Exploring a Faith That Embraces Discipleship
Sunday, 29 April 2012
 For a good while I have been thankful for Christopher Hitchens. Not in the since that he was an atheist or that he recently died. His very famous book, "God is NOT Great, How religion poisons everything," revealed a prodigious intellect, an vast vocabulary, and a violent passion. He was in some ways an independent thinker. He was politically liberal, yet he argued for the war in Iraq, he thought it was much better than doing nothing. He did a much better job than the Bush Administration in presenting an apologetic for how a world without Saddam Hussian was a better one. He did a lot of good for Christian thinkers, his challenge to the leaders of the Church sharpened our thinking, and improved the apologetic chops of many a Christian teacher, pastor and writer. Christopher overshadowed his younger brother Peter who is a journalist of some renown in England and who possesses the same polemical skills as Christopher. Peter like Christopher was an atheist, a Marxist, and was more badly behaved as a young man than Christopher. In his recent book "Rage Against God, how atheism led me to faith," Peter speaks of how he came to faith and it wasn't through debate. This is interesting since he and Christopher debated each other in 2009 about the Iraqi War and the existence of God. Neither one relished the idea, but it was battle made for our media age, all watchers wondering if a fist fight or name calling would break out like a Jerry Springer Show. Thankfully it did not, the debate went on for two hours and can be seen on utube. Peter Hitchens speaks of how he and his then girl friend,now wife were enjoying a lunch in Beaune, France. After lunch they wandered into the Hotel Dieu and saw a painting on the wall. There was Rogier van der Weyden's fifteenth century polyptych The Last Judgment. The image depicted people in Hell, and those people were naked and looked very much like modern figures. Hitchens wrote," I did not have a "religious experience." Nothing mystical or inexplicable took place-no trance, no swoon, no vision, no voices, no blaze of light. But I had a sudden strong sense of religion being a thing of the present day, not imprisoned under thick layers of time. A large catalogue of misdeeds, ranging from the embarrassing to the appalling, replaced themselves rapidly in my head. I had absolutely no doubt that I was among the damned, if there were any damned." It was this confrontation with a piece of art that God used to bring Hitchens to Christ. His mind and spirit were prepared through his great study, debating, and thinking about higher culture. And in the end it wasn't polemics that did it, it was the Holy Spirit using all that to melt his heart in a very personal way. We have lost one Hitchens, but there is now another who  believes that God indeed is Great and that explains everything.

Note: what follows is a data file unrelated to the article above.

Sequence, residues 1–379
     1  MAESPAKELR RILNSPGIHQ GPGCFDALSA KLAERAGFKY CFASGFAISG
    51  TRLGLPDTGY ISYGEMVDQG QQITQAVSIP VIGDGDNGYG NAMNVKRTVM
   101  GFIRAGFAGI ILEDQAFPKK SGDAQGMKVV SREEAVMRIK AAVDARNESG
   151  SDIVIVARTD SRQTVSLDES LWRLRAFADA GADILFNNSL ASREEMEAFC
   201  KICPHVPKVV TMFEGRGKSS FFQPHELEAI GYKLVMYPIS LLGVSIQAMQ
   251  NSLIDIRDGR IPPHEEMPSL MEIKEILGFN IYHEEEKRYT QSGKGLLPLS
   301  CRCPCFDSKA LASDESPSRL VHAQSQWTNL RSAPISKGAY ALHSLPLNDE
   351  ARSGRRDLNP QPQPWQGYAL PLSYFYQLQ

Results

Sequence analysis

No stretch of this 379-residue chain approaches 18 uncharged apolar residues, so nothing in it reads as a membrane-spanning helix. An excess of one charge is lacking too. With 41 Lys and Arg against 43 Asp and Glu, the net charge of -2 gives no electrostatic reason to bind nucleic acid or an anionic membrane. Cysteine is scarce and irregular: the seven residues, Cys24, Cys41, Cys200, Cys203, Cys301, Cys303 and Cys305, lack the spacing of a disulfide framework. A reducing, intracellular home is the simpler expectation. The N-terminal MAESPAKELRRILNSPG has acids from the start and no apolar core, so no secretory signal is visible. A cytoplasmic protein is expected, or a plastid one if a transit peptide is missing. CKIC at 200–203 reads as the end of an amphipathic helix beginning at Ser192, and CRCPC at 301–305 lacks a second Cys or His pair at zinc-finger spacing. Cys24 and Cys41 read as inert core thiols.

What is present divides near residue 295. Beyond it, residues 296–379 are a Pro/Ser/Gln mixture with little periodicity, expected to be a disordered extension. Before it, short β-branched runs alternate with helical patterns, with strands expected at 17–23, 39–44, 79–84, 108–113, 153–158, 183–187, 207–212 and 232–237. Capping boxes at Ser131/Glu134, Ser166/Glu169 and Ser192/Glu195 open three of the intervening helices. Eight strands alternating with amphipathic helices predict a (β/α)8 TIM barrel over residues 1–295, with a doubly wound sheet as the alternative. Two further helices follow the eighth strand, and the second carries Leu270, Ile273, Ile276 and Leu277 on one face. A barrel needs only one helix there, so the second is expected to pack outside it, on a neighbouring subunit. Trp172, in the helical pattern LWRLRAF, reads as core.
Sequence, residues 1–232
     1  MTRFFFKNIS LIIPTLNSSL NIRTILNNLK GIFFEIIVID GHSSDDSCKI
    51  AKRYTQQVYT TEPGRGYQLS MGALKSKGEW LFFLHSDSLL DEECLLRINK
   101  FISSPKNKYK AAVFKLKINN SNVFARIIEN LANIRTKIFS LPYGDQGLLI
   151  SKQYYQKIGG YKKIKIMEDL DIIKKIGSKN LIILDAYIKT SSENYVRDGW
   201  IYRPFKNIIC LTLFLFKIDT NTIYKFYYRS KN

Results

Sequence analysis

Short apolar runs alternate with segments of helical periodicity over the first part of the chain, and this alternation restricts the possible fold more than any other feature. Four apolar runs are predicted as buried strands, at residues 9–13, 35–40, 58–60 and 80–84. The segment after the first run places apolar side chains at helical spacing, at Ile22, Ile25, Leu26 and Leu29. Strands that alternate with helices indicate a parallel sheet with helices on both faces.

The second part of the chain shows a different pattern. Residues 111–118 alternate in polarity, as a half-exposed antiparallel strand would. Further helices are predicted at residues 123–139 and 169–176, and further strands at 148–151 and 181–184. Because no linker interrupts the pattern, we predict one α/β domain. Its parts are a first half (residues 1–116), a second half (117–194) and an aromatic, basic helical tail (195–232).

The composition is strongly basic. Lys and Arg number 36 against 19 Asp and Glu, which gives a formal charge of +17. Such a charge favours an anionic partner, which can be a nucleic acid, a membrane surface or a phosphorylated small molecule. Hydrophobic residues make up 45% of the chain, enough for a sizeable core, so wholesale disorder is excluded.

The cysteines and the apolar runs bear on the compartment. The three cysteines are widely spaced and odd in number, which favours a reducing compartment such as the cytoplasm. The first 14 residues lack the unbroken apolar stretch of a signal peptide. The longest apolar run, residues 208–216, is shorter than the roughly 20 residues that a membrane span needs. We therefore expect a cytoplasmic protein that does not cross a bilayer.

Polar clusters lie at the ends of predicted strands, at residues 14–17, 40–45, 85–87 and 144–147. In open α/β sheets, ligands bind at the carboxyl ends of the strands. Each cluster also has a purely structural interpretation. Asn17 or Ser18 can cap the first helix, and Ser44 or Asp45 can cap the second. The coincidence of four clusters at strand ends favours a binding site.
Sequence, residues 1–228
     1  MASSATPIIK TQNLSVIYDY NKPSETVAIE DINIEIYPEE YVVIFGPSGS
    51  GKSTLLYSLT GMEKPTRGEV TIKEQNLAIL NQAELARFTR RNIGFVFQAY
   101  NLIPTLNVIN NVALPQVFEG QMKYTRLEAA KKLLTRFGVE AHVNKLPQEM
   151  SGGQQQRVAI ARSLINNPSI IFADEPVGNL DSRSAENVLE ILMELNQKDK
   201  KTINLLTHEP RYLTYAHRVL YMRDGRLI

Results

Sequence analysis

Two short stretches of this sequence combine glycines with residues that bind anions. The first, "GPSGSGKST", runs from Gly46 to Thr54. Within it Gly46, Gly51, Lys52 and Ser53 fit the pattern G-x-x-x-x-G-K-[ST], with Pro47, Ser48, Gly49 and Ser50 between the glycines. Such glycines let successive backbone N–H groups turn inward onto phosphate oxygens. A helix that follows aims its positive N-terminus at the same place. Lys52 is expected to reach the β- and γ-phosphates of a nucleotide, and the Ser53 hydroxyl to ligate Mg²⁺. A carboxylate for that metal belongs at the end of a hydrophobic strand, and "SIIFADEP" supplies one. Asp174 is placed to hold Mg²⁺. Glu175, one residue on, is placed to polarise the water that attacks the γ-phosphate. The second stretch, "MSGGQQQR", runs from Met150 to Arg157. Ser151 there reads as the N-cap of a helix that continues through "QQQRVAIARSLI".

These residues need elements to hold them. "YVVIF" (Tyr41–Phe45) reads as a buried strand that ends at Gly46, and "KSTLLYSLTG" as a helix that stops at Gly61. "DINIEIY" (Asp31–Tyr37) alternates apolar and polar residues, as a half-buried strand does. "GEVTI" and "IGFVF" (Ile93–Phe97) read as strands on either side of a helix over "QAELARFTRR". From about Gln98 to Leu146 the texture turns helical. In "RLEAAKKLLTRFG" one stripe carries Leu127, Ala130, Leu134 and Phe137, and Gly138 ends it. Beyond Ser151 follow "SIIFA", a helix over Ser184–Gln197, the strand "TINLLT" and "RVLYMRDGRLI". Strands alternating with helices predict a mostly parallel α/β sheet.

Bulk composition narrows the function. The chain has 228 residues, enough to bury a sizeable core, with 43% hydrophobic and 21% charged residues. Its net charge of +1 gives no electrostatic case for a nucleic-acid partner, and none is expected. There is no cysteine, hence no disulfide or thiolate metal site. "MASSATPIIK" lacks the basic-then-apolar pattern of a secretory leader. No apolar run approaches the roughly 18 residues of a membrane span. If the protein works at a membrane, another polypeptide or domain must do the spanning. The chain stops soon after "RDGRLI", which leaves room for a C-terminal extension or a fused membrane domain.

Posted by: Bill Hull AT 07:54 pm   |  Permalink   |  0 Comments  |  
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Bill Hull
Long Beach, CA
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